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Gambia’s president vows to abolish death penalty

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President Adama Barrow has vowed to abolish the death penalty from the law books of The Gambia as soon as the necessary legislation reaches his signature. The latest commitment by the President against the death penalty was conveyed by Government Spokesman Ebrima Sankareh, who told GRTS that President Barrow is of the view that the law does not stop murder, manslaughter or the likes.
“And when mistakes occur, example a wrong person is executed, it is going to be a very expensive mistake that is not reparable,” Sankareh said, quoting President Barrow.
He further revealed that the president has a strong view that The Gambia should have removed the death penalty long since and his government will ensure that it is taken out as soon as possible.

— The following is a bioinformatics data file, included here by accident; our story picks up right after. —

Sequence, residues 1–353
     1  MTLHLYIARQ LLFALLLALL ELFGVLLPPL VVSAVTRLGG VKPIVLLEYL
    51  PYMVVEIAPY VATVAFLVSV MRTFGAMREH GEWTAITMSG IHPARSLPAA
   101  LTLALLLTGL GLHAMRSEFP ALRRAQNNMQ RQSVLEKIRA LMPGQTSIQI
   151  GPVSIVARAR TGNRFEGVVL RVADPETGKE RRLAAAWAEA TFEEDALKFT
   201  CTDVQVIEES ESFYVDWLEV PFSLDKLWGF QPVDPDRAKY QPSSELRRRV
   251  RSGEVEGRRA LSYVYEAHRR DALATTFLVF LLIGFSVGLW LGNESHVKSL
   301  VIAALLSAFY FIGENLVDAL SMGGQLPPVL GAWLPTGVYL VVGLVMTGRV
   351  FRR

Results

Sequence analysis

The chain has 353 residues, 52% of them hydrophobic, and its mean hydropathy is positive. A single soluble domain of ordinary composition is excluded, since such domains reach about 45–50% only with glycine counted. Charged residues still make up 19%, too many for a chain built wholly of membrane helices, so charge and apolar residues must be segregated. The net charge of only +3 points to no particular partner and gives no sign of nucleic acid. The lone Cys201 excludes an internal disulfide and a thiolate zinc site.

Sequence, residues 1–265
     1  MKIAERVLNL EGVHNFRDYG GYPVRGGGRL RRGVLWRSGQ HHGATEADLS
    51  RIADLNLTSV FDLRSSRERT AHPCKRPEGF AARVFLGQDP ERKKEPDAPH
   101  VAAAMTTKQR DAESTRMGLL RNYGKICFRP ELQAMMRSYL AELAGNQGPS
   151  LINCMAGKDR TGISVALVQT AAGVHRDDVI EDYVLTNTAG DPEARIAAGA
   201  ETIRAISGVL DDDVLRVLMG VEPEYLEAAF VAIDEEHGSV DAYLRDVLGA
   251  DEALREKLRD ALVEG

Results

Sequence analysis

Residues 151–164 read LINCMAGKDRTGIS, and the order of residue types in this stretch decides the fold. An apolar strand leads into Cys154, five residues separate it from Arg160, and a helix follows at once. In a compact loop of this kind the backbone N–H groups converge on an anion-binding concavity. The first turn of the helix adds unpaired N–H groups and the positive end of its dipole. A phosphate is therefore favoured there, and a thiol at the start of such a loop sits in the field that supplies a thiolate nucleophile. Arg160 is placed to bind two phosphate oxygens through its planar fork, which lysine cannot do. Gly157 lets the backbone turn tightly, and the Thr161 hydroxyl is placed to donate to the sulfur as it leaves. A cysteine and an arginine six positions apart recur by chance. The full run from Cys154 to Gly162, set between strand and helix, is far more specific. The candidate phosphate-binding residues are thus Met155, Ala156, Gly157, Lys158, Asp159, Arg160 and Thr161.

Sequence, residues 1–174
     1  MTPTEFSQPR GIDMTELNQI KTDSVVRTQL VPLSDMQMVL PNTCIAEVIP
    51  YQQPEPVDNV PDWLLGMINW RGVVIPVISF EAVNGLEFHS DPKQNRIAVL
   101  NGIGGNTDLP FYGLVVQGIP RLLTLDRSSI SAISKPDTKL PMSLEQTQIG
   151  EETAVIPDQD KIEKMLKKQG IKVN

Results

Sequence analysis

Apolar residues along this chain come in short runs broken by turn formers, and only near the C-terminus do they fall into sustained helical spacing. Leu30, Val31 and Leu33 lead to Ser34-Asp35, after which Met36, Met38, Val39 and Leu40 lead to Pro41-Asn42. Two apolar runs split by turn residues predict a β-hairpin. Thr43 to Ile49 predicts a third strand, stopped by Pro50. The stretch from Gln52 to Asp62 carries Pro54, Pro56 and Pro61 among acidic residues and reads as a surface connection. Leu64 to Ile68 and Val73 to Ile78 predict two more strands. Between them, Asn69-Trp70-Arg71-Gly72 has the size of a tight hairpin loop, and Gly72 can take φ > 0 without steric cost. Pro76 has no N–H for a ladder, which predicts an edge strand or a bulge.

Since independence, the death penalty was used only twice in The Gambia, in the 1980s when Mustapha Danso, accused of multiple murders before and during 1981 coup plot, was executed under President Jawara and 2012 under Yahya Jammeh when 9 people were put to death by the state.

That single execution drew widespread criticisms around the world forcing Jammeh to announce a moratorium on the death penalty but refused to commit himself to its total abolishment.
Currently the Constitutional Review Commission, the body tasked to draft a new constitution, has during consultations received numerous calls for the abolishment of the death penalty.
Meanwhile in the same interview, the Government spokesman revealed that the Gambia College School of Education will open a campus in Basse to enroll mainly female students.
“This will remove the burden of relocating to the Kombos to attend classes for college students from that part of the country,” Sankareh said.

Source: The Standard newspaper

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